Then he said "Would you be interested in Henry Lawson's writing table".

Would I????? (Only slightly...haha)

So after opening up the garage and discarding a large snake skin, the previous owner hopefully having long gone, we examined it.... more to follow on that eventually ....

.... life is certainly interesting....
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Shelley
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Re: The Spoken Word in Bush Poetry

Post by Shelley » Sat Apr 17, 2021 5:11 pm

Wow!

Or maybe Peter Dawson singing The Floral Dance?? ;)
Shelley Hansen
Lady of Lines
http://www.shelleyhansen.com

"Look fer yer profits in the 'earts o' friends,
fer 'atin' never paid no dividends."
(CJ Dennis "The Mooch o' Life")

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Gary Harding
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Re: The Spoken Word in Bush Poetry

Post by Gary Harding » Sat Apr 17, 2021 6:51 pm

I have learned that the best thing is for material to be recognised (where possible). Like seeing someone you know when you go to a party of strangers.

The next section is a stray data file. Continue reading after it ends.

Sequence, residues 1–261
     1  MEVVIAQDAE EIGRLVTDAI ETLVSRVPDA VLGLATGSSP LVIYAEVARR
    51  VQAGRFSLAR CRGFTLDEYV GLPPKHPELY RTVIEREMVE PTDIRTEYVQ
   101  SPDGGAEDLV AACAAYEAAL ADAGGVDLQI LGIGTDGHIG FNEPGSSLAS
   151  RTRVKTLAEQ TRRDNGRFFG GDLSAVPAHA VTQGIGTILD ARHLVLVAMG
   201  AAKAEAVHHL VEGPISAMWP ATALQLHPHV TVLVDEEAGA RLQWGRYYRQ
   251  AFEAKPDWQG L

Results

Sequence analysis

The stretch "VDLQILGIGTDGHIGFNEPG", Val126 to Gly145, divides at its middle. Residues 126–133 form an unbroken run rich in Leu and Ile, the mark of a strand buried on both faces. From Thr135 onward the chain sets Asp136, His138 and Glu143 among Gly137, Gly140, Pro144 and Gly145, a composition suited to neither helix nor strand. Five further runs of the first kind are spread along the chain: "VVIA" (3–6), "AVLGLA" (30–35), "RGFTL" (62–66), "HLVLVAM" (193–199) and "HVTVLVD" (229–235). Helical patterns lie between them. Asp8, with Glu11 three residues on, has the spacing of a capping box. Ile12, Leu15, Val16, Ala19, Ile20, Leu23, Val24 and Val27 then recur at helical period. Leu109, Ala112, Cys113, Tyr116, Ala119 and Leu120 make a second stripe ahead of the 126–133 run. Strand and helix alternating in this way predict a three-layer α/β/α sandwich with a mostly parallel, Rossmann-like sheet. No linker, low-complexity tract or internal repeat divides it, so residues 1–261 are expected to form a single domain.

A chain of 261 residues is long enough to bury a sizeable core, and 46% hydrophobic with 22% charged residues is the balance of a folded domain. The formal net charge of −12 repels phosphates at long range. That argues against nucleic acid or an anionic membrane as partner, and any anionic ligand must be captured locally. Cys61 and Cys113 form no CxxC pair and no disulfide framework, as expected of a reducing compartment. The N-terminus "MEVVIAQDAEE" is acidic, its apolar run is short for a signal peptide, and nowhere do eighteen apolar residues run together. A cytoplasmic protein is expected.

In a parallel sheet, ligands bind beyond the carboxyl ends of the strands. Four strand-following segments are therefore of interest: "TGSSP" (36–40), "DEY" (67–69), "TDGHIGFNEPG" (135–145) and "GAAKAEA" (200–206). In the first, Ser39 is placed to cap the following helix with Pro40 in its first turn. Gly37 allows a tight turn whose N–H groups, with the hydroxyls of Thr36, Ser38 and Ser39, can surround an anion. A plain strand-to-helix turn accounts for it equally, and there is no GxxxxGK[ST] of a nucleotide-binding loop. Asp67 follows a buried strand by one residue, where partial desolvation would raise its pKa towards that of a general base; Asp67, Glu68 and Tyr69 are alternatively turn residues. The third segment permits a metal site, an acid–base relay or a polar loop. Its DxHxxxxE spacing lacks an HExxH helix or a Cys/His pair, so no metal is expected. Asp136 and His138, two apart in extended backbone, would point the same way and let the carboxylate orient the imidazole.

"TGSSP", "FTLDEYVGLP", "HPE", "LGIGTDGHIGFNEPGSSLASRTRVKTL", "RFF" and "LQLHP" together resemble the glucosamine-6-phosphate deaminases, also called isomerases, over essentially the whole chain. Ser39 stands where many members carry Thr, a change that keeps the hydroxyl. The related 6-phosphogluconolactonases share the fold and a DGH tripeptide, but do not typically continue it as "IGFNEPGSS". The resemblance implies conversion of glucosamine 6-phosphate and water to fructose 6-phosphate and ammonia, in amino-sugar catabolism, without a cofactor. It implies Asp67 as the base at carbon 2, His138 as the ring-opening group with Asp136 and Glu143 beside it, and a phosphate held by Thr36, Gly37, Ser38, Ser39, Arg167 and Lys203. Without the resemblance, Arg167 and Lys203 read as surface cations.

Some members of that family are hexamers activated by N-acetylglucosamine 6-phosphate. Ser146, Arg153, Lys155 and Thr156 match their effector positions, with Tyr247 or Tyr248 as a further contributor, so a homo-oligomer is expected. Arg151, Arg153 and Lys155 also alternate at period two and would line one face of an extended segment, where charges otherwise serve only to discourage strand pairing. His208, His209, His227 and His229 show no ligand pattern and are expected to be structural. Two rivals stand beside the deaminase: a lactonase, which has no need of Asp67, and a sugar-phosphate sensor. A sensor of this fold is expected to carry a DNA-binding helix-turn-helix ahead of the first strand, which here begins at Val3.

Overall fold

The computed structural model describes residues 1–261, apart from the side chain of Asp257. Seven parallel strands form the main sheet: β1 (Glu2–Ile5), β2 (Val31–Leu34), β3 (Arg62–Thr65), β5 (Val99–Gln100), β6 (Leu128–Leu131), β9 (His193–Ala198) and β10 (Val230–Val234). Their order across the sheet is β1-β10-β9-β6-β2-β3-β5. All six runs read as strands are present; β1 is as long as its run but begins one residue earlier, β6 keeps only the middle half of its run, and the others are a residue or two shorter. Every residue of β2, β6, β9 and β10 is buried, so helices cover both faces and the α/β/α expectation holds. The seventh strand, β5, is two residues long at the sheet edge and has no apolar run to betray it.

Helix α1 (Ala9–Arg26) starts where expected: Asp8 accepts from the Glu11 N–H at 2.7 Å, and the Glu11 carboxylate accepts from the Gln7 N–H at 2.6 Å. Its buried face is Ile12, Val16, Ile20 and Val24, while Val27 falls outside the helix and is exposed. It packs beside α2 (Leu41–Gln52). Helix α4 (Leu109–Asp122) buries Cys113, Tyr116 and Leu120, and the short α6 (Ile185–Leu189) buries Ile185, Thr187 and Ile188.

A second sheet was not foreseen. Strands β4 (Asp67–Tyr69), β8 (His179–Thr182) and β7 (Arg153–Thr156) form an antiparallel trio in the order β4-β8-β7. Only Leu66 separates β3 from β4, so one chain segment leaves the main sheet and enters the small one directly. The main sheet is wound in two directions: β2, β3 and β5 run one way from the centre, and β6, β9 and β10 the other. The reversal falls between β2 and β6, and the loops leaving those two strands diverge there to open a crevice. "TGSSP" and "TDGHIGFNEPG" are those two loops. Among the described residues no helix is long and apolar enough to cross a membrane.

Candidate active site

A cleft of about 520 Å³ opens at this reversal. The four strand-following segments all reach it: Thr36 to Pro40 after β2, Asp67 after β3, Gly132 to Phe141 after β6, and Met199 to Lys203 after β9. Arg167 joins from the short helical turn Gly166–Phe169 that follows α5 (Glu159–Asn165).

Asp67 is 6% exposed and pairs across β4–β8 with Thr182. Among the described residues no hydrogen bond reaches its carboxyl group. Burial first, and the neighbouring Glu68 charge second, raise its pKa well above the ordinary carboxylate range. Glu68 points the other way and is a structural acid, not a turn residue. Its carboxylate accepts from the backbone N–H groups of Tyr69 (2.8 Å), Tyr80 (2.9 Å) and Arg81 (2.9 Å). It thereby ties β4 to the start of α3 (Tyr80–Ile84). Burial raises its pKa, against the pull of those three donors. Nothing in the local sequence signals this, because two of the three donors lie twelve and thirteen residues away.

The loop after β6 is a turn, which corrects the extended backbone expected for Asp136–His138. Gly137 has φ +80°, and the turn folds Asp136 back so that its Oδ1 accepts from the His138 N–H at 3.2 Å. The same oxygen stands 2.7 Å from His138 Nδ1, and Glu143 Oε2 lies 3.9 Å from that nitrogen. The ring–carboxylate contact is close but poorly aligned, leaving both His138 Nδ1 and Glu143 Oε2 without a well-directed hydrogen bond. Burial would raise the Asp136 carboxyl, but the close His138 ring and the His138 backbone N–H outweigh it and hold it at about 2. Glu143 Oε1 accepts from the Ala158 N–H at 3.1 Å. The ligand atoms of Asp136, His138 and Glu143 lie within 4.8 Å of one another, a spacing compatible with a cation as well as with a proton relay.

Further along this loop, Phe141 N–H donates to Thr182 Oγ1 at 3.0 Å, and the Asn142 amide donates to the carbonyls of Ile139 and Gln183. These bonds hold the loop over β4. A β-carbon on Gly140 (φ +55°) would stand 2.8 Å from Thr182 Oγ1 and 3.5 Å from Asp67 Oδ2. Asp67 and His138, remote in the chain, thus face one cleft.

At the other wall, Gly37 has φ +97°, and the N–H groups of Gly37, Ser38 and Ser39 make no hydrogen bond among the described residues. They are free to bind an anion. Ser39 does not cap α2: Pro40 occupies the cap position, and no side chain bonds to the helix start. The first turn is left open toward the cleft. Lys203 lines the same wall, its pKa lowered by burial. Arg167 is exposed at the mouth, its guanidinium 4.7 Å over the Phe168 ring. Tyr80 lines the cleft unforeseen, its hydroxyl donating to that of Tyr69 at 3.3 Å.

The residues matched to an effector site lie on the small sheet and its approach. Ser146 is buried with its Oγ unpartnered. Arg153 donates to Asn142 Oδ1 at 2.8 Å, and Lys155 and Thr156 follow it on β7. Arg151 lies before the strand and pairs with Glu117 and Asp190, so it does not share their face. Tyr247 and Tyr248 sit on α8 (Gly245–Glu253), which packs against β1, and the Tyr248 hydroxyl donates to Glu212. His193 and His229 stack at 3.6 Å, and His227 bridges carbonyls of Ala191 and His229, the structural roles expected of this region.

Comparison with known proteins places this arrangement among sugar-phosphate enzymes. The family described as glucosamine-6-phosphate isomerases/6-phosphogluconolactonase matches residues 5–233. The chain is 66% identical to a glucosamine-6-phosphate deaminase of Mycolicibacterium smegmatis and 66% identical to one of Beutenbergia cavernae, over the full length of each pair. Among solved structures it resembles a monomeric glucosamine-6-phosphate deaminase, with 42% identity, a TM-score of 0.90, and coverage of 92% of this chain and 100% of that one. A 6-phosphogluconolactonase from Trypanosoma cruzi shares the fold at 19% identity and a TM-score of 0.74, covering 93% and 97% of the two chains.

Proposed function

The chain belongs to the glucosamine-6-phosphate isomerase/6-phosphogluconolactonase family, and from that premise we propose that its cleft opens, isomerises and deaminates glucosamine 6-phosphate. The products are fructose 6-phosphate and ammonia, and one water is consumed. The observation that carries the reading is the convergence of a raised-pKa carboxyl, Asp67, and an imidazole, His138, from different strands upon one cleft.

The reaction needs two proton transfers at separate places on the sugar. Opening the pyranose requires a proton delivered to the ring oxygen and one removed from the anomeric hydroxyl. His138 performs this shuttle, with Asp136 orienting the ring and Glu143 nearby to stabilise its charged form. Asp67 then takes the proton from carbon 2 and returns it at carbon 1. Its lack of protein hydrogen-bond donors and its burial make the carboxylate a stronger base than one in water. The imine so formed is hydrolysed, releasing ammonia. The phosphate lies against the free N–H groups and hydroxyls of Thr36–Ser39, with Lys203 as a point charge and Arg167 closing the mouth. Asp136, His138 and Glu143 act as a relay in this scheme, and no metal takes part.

Heaven knows, most of the bush poetry will be new... and a difficult sell!

So even if the music is not of the same era as the machine itself, people should ideally know it.

Peter Dawson's career spanned right back to the Edison cylinder era... but who has heard of him?

But if there was a Sadie 78rpm, I would use it. ha

There is still a lot of other useful 78 stuff, that can be made to appear as if it is coming from this machine. Even Bill Haley..Rock Around The Clock (1955).. but that might be stretching things a bit?

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Re: The Spoken Word in Bush Poetry

Post by Gary Harding » Wed Apr 21, 2021 3:33 pm

One of the interesting things about preparing displays is the twists and turns it can take.

The record player just mentioned (I did not say gramophone luckily) I strongly suspect is a "reproduction" and not genuine.
Doing some due diligence, it appears that there was a sufficiently strong and profitable market for the lads to do copies i.e. Fakes.

The monetary value of these is very low. If they are treated as repro's then fine. In this case, one giveaway is the elbow that mates with the horn. It should be a nicely rounded casting, and not a sharply angled crude sheet-metal thing. (see photo).

Ah well... it will likely do as a prop somewhere in a period setting... instead of being featured as a you-beaut collector's item. I have not got the heart to tell my mate that his lady friend gifted him a Gramo-fake, not a gramo-phone!

As I said before, you win some and.... you kind of draw in others.
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Re: The Spoken Word in Bush Poetry

Post by Gary Harding » Fri Apr 23, 2021 4:08 pm